In comparing the two graphs we could assert that something other than pure operational and financial performance is driving share price performance. The leading companies in the resources sector (Alcoa, BHP and Rio Tinto) are enjoying a market premi- um over their peers that is being generated by intangibles, not operating performance.

As the M/B figure above has shown, scale does have its benefits. However, is it purely scale or the intangible benefits which come from scale that really drives market success? Is the Rio Tinto or BHP “brand” helping with investor perceptions? Are the larger companies able to better attract more talented staff? Do the larger companies attract more profitable joint venture opportunities because of their larger capital base? How important are these factors in comparison with maintaining a steadily improving financial performance?

Clearly mega-mergers like the BHP Billiton merger need to deliver more than simply the sum of the parts. The larger base of opportunities and funds available is expected to deliver some of the benefits from the merger. However, Paul Anderson, the CEO of the merged entity, has hinted as to some of the intangibles that he expects to deliver new value. Anderson states that he wants a greater focus on how BHP Billiton services its markets, rather than “what do we produce and how do we get rid of it”. He also offers as part of BHP Billiton’s vision going forward a program to leverage the knowledge that exists within the company by “redefining the company in terms of knowledge and service”.

The question still remains: is an improved focus on customers and improved knowledge-sharing across the company sufficient to deliver the radical change required by the industry? Does the industry require more radical innovation of the “dot.com reincarnations” type to transition from a low return, price-taking industry to one that is adequately rewarded for its endeavours?

We have already seen that the “if you can’t beat them join them” strategy for mineral company reincarnations, was largely short-lived. However, the field is still wide open with respect to how a company’s intangibles could be leveraged to break out of the commodity-only business. Interestingly, it is the area of e-business, fostered by the dot.com boom, that appears to offer the most potential.

Differentiation through intangibles

The inadequacies of current-day accounting systems to support the management of “new economy” companies has been extensively reported in the accounting literature. Traditional accounting refers to intangibles as “goodwill”. Goodwill traditionally provided a small addition to a company’s book value to cater for goodwill developed with long-term customers. This of course becomes nonsense when the “goodwill” value exceeds the book value, which is mostly the case today. Swedish researcher Dr. Karl-Erik Sveiby divides intangible assets into three types. Above is a representation of a typical intangibles balance sheet.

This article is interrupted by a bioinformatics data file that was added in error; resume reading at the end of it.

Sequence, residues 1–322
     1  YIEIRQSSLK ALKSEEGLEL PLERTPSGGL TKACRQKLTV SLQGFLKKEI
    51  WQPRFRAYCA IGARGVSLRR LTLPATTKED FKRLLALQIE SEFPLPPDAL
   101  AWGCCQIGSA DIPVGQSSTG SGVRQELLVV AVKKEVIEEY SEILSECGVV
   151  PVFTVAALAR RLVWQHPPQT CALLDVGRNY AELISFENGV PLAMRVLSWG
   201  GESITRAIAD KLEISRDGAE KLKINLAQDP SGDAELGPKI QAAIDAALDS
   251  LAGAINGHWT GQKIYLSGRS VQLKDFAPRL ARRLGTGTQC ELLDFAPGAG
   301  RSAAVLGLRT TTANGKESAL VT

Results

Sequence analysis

If we look at the resources sector in particular using the Sveiby intangibles framework, we could infer that the major area of focus has been on internal structure. In particular, a focus on operational excellence and cost reduction has been the main driving force. Interestingly, we have seen that while the cost focus has lead to improved price to cash flow performance for the industry as a whole, it has not been a differentiator among the leading firms. In other words, the leading firms have achiev
ed a market premium without a superior operating performance.

So, if operating performance is not a differentiator, then we need to look to external structure and/or individual human competence as points of differentiation and superior share market performance. Are the leading firms Rio Tinto, BHP and Alcoa excelling in either of these areas that might justify their market position? Anecdotally one could at least identify management competence, alliances (as evidenced by the recent merger and acquisition activities of BHP and Rio Tinto) and their established brands as attributes in support of superior external structure and human competence.

How the resources sector can improve its overall performance

We have previously indicated that the resources sector market value add (M/B) is currently around 2.5, compared with an S&P500 average of around six. Is it possible for the resources sector to increase its market value add overall? Conventional resources industry thinking would try to wrest a greater share of the spoils from its downstream customers in the value chain. However, downstream consumers like chemicals, aerospace or automobiles have similar or even worse M/B performance. In other words, improved performance is not going to come from “transfer price” battles along the traditional value chain.